Many parents have recently asked me: “I want to get my kid started in chess, but I don’t know how. What would you recommend?”
I’m certainly not an expert, but here are some things I’ve found useful:
- Chess camps: Daniel’s first summer camp was with bayareachess, and it really got him going great. Later on, he also participated in more advanced camps. “Chess camp for chess champs” with his coach Ted Castro was really great. There are many chess summer camps in the bay area, and it’s a great way to get started.
- Books: There are so many books on chess, it’s very difficult to choose the good ones without some guidance. FIDE recently published its recommended books list, which should be an excellent resource. Personally, I really liked is Silman’s Complete Endgame Course.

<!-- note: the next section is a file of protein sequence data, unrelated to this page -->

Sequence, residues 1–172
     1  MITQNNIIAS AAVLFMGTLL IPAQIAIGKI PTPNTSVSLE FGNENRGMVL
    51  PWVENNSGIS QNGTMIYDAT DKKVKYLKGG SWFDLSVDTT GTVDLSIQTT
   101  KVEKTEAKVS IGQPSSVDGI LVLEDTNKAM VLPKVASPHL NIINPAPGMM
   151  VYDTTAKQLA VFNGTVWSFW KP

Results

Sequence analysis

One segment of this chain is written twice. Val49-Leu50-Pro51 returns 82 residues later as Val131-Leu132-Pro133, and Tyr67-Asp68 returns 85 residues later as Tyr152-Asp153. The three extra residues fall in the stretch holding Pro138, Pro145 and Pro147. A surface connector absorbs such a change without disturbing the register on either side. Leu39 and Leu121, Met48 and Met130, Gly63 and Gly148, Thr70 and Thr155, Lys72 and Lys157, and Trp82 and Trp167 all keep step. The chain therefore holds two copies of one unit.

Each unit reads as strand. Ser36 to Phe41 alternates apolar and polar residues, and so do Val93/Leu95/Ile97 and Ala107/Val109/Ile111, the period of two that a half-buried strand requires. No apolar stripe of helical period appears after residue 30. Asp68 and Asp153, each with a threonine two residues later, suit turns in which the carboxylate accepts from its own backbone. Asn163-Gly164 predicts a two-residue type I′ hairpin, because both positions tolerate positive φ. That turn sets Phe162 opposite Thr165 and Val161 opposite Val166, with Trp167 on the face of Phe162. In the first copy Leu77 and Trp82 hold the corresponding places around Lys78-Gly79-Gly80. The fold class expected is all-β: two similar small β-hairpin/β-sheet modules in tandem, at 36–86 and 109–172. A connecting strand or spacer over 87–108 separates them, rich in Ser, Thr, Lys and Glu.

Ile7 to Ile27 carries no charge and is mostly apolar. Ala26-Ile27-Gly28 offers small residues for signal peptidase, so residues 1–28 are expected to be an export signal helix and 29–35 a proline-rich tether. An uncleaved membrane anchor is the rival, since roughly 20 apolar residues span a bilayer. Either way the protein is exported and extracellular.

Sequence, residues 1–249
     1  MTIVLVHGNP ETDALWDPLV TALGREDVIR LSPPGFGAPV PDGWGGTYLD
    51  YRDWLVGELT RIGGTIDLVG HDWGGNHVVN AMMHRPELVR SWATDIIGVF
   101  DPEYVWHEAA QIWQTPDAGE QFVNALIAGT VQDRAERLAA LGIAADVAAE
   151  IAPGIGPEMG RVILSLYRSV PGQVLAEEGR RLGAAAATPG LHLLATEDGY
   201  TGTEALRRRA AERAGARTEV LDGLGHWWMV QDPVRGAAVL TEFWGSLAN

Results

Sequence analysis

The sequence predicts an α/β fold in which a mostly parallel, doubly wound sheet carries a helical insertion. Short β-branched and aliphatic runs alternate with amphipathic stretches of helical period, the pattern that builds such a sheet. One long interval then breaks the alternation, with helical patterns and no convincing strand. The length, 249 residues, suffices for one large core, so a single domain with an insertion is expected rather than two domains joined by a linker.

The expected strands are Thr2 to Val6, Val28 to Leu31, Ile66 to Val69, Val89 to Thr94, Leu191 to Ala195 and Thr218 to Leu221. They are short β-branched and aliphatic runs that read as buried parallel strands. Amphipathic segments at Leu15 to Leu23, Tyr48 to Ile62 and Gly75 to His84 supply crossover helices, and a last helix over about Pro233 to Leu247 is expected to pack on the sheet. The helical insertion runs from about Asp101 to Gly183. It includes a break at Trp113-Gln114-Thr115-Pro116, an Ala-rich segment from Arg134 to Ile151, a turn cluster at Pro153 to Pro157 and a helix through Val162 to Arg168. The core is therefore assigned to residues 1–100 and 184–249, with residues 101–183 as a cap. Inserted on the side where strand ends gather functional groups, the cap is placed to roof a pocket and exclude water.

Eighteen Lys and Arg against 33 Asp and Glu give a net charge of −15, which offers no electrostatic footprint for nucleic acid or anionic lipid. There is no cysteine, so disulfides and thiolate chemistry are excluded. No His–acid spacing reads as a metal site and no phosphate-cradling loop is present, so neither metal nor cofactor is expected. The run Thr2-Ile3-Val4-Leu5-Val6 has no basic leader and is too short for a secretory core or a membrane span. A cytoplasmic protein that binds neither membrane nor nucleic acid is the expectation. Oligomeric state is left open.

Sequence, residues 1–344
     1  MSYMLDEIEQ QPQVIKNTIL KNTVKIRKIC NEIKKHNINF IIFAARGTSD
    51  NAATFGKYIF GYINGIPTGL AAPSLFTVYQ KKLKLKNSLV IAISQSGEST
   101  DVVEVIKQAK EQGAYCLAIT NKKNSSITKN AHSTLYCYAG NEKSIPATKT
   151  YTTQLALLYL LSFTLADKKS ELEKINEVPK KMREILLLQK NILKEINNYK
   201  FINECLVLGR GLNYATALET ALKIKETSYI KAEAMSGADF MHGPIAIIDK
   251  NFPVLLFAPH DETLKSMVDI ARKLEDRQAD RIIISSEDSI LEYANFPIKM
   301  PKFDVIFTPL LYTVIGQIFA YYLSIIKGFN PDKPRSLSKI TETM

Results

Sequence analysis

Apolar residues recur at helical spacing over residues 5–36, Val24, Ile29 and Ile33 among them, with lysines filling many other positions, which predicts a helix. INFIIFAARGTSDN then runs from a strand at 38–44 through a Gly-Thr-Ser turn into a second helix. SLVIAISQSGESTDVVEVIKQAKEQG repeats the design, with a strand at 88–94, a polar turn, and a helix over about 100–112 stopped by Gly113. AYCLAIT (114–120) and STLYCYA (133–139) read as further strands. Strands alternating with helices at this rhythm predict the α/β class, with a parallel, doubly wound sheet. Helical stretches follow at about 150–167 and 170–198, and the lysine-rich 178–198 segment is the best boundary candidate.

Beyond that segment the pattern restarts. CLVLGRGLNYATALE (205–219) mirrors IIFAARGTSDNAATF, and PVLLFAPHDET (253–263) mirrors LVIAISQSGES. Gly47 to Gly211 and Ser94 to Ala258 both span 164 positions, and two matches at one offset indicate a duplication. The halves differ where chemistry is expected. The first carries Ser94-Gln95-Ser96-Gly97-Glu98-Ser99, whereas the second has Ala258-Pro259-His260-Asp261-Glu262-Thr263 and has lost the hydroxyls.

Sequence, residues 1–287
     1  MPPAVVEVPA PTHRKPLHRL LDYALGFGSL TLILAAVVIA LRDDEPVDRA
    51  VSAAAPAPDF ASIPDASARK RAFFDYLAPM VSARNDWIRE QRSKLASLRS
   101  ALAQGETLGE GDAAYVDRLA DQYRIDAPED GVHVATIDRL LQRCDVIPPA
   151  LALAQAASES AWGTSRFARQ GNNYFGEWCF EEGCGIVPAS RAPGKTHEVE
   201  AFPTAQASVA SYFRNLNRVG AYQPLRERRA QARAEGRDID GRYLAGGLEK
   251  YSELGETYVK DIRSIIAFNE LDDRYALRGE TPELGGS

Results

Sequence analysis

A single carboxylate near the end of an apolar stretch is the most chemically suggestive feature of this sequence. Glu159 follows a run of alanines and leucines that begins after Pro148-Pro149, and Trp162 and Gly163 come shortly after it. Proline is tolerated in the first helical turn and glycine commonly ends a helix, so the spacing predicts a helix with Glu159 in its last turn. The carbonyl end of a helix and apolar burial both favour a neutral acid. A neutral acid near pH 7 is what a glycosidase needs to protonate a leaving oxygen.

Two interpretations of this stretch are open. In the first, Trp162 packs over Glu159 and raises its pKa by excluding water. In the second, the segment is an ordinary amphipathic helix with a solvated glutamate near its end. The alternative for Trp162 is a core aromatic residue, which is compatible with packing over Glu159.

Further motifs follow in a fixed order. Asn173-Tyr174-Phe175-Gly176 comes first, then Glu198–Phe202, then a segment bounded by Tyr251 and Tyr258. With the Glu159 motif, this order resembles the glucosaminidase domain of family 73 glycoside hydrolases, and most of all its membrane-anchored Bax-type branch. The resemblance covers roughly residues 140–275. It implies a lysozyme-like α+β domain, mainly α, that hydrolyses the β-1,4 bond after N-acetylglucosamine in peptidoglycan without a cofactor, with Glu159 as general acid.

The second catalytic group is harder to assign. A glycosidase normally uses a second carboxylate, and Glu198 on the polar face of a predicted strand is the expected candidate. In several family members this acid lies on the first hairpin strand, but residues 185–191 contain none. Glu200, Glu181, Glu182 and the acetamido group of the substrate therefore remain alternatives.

- Computer Software. Using computer software is great. It’s a very engaging way to learn chess and kids love it. For beginners, I really liked Learn to Play Chess with Fritz and Chesster. After you learn the basic moves, getting a copy of Chessmaster: The Art of Learning (or Chessmaster 9000 if you have a mac) is really worthwhile. Other software that I heard is good (but have not personally used): Deep Fritz 12, Deep Rybka 4, and Shredder 12.
- Websites. There are many websites where you can play online, and learn about chess. ICC is very well known, but I find the interface out-dated and not very kid friendly. chess.com is nicer. There are many others. The USCF and FIDE websites are great resources for tournaments and news about chess. Locally to the bay area — I like Calchess.org.
I hope this is helpful. If there are other useful resources you know of, please share.